Glad you're back MC!

-----Original Message-----
From: [EMAIL PROTECTED]
[mailto:[EMAIL PROTECTED] On Behalf Of MaryChristine
Sent: Wednesday, October 29, 2008 5:03 PM
To: felvtalk@felineleukemia.org
Subject: Re: [Felvtalk] Stray Kitty I took in tests positive

i respectfully disagree.

asymptomatic FeLVs are not sick cats. every sanctuary or multi-cat
household
will gell you that until the virus is activated, FeLVs are just normal
cats--they get sick, they get treated, they get well. in sanctuary
settings,
FeLVs are kept with other FeLVs, in all stages of sickness and health.
since
FeLV kills through opporunistic infections as well as lymphomas and
other
manifestations, if the healthy FeLVs in the populations were seriously
immune-compromised, each time one of them went into their final battle,
all
the others would get sick as well and be unable to fight off the
onslaughts
of new infections.

this does not happen. if you have two FeLVs in the house and one becomes
ill, why doesn't the other, "sick" cat, immediately succumb? this is
another
misunderstanding, i truly believe, from vets who haven't bothered to
keep up
on the research, and/or to adequately educate their patients.

let me tell you, however, if you've ever seen a cat die of
panleukopenia,
you won't ever want it to happen again.

there are ALWAYS risks in using ANY drug, and while there have certainly
been reactions to vaccines throughout time, the way to counter our
over-vaccinated society isn't necessarily to stop doing them at all.

a symptomatic cat is sick; it may not have a thing to do with the FeLV,
but
an asymptomatic cat being sick because it may have FeLV, is like saying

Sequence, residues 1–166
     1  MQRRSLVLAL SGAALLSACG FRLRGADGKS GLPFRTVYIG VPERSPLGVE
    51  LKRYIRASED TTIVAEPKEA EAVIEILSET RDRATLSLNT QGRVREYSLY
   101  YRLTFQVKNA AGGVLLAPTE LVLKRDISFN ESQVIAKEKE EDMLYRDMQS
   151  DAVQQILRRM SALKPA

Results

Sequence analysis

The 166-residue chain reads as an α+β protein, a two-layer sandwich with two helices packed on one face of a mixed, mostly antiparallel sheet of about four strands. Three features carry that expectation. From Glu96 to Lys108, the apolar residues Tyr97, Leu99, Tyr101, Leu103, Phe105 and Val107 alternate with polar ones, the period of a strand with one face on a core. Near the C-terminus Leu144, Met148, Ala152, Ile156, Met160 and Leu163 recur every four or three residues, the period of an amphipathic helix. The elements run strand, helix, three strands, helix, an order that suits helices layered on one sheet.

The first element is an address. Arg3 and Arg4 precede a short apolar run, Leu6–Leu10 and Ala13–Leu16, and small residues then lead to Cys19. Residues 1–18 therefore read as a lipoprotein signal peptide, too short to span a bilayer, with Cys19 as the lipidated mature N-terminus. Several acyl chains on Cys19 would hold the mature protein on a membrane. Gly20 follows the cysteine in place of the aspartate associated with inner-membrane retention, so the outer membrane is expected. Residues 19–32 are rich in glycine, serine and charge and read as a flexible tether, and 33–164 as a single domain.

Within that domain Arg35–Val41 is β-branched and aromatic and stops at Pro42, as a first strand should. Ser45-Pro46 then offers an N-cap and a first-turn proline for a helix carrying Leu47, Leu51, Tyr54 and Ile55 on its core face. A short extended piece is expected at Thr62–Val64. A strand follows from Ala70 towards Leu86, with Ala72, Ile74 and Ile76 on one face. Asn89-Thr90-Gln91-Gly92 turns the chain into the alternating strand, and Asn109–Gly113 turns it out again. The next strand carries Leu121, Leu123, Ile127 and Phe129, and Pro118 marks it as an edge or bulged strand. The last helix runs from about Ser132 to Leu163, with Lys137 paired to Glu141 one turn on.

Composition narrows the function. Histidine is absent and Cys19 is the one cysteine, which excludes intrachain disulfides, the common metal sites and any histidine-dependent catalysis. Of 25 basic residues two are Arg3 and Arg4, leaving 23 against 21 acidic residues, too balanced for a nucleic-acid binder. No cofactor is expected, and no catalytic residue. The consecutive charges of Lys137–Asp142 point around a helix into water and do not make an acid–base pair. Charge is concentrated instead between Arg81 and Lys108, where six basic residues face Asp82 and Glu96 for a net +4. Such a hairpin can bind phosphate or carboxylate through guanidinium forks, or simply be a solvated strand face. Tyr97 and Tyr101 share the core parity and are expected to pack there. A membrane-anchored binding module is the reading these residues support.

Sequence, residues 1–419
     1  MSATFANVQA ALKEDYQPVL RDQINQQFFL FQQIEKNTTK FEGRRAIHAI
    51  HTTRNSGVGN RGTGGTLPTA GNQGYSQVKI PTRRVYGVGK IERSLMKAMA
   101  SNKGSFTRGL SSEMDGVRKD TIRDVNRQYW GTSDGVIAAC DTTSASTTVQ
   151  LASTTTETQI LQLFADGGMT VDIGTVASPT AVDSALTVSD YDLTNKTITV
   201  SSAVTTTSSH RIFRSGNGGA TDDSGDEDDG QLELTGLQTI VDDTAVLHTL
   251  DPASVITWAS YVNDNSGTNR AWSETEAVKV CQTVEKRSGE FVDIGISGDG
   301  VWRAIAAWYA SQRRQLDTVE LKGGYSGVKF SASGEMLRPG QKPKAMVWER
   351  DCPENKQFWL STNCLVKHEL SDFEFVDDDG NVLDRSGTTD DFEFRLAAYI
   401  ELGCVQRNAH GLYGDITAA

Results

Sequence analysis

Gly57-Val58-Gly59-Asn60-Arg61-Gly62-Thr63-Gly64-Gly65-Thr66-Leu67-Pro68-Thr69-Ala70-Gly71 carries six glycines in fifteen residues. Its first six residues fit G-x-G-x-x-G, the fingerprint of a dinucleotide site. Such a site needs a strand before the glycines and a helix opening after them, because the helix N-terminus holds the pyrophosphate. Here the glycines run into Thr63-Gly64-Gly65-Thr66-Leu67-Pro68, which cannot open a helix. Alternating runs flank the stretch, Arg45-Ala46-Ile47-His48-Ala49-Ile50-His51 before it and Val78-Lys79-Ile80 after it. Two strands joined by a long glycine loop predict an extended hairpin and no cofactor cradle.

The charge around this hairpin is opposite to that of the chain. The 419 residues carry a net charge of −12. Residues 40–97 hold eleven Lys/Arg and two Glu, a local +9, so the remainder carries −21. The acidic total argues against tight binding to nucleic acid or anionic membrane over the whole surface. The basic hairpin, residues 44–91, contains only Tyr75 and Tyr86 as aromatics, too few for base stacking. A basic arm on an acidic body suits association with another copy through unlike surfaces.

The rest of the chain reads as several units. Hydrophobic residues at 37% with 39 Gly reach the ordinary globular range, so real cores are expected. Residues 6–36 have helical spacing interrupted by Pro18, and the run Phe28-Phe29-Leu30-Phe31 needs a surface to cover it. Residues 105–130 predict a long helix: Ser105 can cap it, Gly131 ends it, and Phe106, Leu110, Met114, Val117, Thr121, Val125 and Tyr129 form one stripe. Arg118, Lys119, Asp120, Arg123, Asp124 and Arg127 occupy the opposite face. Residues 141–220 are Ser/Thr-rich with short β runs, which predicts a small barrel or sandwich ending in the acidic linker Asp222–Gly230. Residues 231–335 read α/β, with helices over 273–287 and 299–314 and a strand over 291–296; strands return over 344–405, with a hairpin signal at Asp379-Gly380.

that
all of us who had chicken pox are sick, because we've got that herpes
virus
just waiting to break out into herpes.

MC
(haven't you missed me?)


On Wed, Oct 29, 2008 at 5:29 PM, MacKenzie, Kerry N. <
[EMAIL PROTECTED]> wrote:

> Sally, I personally would not vaccinate a positive cat. See Jean
Dodds'
> and Charles Loop's (both vets) views here. (The paragraph below is
taken
> from the website.) Kerry M.
>
> http://www.newsagepress.com/protectyourpet.html
>
> >>>All packages of vaccinations carry warnings that they should be
> injected only in healthy animals. In the case of cats, vaccine
> manufacturers advise against vaccinating pregnant or nursing cats.
> However, many pets are not healthy when vaccinated although they might
> not have outward signs of health problems. Charles Loops, DVM, a
> holistic veterinarian from Pittsboro, North Carolina, notes that
> "chemically killed viruses or bacteria are injected directly into the
> blood stream, which is an unnatural route of infection." (7) This
causes
> the animal's antibodies to attempt to fight off the offending virus
> molecules and render them harmless. If the animal's immune system is
too
> weakened, he or she cannot fight off these viruses and can develop a
> reaction to the vaccine. Even small amounts of a virus that is
> introduced through a vaccination may be too much for sick animals to
> fight off. They then may fall ill from the very disease to which they
> have been vaccinated.<<<
>
>
> -----Original Message-----
> From: [EMAIL PROTECTED]
> [mailto:[EMAIL PROTECTED] On Behalf Of SALLY
> NORDSTROM
> Sent: Wednesday, October 29, 2008 3:59 PM
> To: felvtalk@felineleukemia.org
> Subject: Re: [Felvtalk] Stray Kitty I took in tests positive
>
> Another question.  My kittens tested positive with the ELISA test.
May
> they have their vaccines?  Mom gets tested Friday.  If positive, may
she
> have her vaccines?  May she be spayed?
>
>
>
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-- 
Spay & Neuter Your Neighbors!
Maybe That'll Make The Difference....

MaryChristine
Special-Needs Coordinator, Purebred Cat Breed Rescue
(www.purebredcats.org)
Member, SCAT (Special-Cat Action Team)
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